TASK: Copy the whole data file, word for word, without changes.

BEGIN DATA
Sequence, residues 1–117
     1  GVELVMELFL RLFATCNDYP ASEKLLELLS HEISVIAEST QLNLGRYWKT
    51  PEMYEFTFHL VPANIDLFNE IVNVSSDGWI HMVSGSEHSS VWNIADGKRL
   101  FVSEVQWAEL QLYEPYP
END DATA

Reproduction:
Sequence, residues 1–117
     1  GVELVMELFL RLFATCNDYP ASEKLLELLS HEISVIAEST QLNLGRYWKT
    51  PEMYEFTFHL VPANIDLFNE IVNVSSDGWI HMVSGSEHSS VWNIADGKRL
   101  FVSEVQWAEL QLYEPYP